Your Job Search Is Costing You $3,442.50 Per Month!


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When you determine you need to look for another job (say, because yours just went away) to ask, “Why should I pay for help when I could just do it myself. . . for free?"

There are only two reasons that hold any water:

  1. Because what you don't know about the process can cost you serious money.
  2. Because the cost of help (most often) is repaid to you many times over.

In some ways, yes, it is all about money. You definitely should do what you love to do, and that's not entirely about money. But it's foolishness not to be paid what you're worth. You run that risk when you go it alone.

If you assume you know what you're doing, you could make what looks like the simplest mistake. . . and cost yourself hundreds of thousands of dollars over your working career. You certainly could cost yourself thousands or tens of thousands from your next job. Get what you should get by getting help.

I can imagine the gears in your brain working. . . Doesn't help cost money? In case you forgot, I don't have any money coming in.

Look, help costs money, although it doesn't have to break the bank. But think about it. When a big corporation wants to do something complicated, they often hire a consultant to help out. You need to hire a consultant.

Just because the steps in my road map are simple doesn't mean it's easy to do job search (or career change) well. It can be downright tough. That's why you need help. Consider a hypothetical.

Suppose you, all alone, write a resume and cover letter that you think sound pretty good. You blast your resume to job sites on the web and wait for the phone to ring. That process takes 4-5 months. How much does that cost you? Assume, for example, that your gross monthly salary from your previous job was $4,500, and that you contributed 5% to your 401(k). Let's do some simple math.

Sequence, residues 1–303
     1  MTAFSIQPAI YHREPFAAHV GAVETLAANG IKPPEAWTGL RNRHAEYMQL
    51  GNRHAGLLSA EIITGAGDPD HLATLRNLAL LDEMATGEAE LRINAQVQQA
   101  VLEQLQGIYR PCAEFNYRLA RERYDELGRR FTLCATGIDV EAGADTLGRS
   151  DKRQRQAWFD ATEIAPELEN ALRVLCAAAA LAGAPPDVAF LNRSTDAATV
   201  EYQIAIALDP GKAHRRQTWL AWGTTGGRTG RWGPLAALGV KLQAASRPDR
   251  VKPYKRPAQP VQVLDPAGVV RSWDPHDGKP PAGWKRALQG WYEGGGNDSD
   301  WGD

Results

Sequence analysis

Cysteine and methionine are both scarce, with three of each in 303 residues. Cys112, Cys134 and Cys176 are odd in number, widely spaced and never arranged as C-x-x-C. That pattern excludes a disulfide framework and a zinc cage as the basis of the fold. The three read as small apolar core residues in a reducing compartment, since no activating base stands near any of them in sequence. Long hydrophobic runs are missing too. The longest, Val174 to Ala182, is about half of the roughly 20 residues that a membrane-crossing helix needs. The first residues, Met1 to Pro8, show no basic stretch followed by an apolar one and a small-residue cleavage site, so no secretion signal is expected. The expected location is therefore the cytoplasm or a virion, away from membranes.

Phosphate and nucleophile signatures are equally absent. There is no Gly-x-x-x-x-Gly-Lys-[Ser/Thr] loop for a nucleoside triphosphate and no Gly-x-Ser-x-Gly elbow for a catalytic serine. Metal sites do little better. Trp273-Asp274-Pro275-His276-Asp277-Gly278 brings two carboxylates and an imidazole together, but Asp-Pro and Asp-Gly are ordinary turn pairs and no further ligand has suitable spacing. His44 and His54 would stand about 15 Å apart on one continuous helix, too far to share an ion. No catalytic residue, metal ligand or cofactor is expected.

Your approximate after-tax salary 3,217.50 per month. Your 401(k) contribution is about 225. Don't forget that second amount. It's your money! When you add those to values together, you find you lose AT LEAST $3,442.50 every month you have no job. Your actual number could be lower. Or much, much higher. If you work an 8-hour day (I'm sure you work more), delay is costing you a little over $0.34 per minute. Why does that matter?

Suppose you get help along the way, and you have a great target career or job, a killer resume, a laser-focused cover letter, and outstanding interview prep. All of that together costs you, say $1,000. Sounds like a ton, but suppose all that help gets you a job one month faster than doing it on your own (a very conservative estimate). That saves you $3,442.50!

In fact, unless your total job search expenses are more than one month's salary, it's worth spending the money to get help.

The temptation to go cheap can be extreme, but cheap costs time. That's what you don't have. Don't flush money down the toilet, but get the best help you can afford.

If you're a job search expert already. . . you probably wouldn't be reading this. Since you are, I'll consider you part of the other 99% of job seekers. If you don't have money to pay for the Caddilac of job search, get cheaper help. But there IS help here that you can afford.

Copyright (c) by Roy Miller

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